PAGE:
CDs

When radio play bombs, bless those CDs


Radio music in the car can be a good thing. But not always.

There is within us the capacity to endure things moderately disagreeable — up to a point and a time limit.

That point is annulled, that time limit expires immediately for me when it comes to explosive rock or tormented heartbreak.

Clashing noise and caterwauling get zapped.

JUSTLIKETHAT !!

Same with tedious, monotonous, endless muddy streams of commercials.

But the station has never been switched when delivering the voices of Willie Nelson or Nat King Cole or Ray Charles, Doris Day or Dionne Warwick or Rosemary Clooney.

OK, old timers, all.

Just like me.

Folk songs are fine until they get too wound up in the politics of train wrecks and mining disasters.

And I love country music until we reach such heights as a tractor that turned over and smashed somebody in three-quarters time. A wailing waltz is too much.

This doesn’t apply to David Allen Coe’s brilliant satire that includes the line, “I was drunk the day my mom got out of prison.”

However, Slim Whitman reaches the borderline with “Please paint a rose on the garden wall so mom will think summer’s still here.”

Huh uh, Slim, ol’ buddy. Too much mush.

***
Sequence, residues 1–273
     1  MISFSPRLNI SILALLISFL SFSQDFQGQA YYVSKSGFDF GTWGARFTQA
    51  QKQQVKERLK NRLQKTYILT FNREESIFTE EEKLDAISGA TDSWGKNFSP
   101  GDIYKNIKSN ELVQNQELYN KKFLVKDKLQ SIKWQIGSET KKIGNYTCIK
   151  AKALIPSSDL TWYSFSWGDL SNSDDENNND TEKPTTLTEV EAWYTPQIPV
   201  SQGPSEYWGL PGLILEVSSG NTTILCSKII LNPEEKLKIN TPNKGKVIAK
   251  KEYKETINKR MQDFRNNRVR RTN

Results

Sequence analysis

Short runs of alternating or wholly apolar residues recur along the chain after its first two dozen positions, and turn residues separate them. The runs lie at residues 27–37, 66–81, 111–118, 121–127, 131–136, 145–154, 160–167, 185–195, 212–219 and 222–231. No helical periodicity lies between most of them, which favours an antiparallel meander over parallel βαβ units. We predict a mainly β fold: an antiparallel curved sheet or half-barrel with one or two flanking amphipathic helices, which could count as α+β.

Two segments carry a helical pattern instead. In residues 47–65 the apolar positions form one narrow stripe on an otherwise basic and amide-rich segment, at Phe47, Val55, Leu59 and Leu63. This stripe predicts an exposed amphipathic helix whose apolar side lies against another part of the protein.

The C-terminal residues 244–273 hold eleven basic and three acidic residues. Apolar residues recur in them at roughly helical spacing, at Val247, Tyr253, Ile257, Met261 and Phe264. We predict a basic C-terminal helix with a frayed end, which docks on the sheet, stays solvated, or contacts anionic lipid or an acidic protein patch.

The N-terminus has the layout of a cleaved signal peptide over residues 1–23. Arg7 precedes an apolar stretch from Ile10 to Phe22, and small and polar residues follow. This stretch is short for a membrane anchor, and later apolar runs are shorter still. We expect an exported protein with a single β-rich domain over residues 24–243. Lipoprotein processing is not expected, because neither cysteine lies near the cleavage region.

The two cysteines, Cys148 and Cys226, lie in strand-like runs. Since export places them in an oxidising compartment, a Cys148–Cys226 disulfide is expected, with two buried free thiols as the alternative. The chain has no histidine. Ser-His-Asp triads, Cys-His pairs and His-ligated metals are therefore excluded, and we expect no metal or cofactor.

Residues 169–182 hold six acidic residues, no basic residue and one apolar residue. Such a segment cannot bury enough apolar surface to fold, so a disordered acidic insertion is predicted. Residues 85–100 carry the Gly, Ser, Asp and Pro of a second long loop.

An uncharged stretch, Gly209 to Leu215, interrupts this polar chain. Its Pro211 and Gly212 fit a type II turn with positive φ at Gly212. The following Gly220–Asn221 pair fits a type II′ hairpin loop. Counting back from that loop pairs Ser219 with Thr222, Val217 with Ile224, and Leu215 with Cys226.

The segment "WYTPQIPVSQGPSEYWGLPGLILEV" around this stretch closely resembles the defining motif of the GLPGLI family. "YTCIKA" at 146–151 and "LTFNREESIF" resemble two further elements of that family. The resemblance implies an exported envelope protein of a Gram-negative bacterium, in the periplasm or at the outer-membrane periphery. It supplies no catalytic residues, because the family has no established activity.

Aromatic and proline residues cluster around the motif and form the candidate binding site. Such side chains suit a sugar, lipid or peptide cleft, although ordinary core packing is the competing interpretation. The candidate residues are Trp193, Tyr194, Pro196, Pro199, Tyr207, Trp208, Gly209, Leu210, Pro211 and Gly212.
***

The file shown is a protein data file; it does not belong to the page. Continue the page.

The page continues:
Hypersensitivity? Nah, more like hyper-intolerance. Involuntary channel-hopping due to intemperance of the ear.

Which is why cars come equipped with a CD deck. Thank the gods of technology.

With a CD aboard, you can turn off the unwanted sounds of poor music-selection, as well as really bad, boring, stupid and mundane commercial messages.

Just for the record — the CD, that is — you can enjoy the late Messrs. Cole or Charles, or Mr. Nelson, who is now 86 but still singing beautifully through his nose by ear.

Embattled highbrows of the rank of the incredibly gifted David Ogden Stiers’ Major Charles Emerson Winchester (M*A*S*H), can enjoy opera with a flick of the disc. No station-switching needed.

With a well-chosen CD, country fans can enjoy the stuff that never gets forgot — twangs they love so much about “mom and them” and trucks and hard times and prison.

And when the station that promises smooth, easy listening, but too often shatters your ears and your mind with punk rock and grunge metal and bubblegum pop and a shipload of unwanted commercials ….

You slide in the blessed CD.

The road gets much smoother with Count Basie in the front seat with you. Or Duke Ellington, Artie Shaw, Benny Goodman.

With friends like these, there is no unreflective urge to smash the car radio.

Let the game come to you — always carry a CD.

Corky Simpson is a veteran journalist who writes a column for the Green Valley News.

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